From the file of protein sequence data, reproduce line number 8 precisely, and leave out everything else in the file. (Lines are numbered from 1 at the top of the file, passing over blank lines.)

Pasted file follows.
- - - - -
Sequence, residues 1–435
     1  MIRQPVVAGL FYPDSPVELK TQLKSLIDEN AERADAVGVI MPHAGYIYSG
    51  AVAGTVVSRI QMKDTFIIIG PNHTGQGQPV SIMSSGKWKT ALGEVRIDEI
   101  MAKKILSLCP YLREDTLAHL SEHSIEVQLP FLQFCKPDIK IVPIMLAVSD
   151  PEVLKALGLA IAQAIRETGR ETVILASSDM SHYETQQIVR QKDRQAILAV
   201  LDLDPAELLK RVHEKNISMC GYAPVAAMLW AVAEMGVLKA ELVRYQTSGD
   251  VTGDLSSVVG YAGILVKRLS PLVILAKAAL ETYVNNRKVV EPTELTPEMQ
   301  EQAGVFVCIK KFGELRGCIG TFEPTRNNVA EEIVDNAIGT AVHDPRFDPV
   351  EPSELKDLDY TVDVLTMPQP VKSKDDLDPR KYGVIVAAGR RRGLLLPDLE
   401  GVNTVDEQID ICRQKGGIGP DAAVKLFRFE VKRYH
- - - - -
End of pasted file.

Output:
   301  EQAGVFVCIK KFGELRGCIG TFEPTRNNVA EEIVDNAIGT AVHDPRFDPV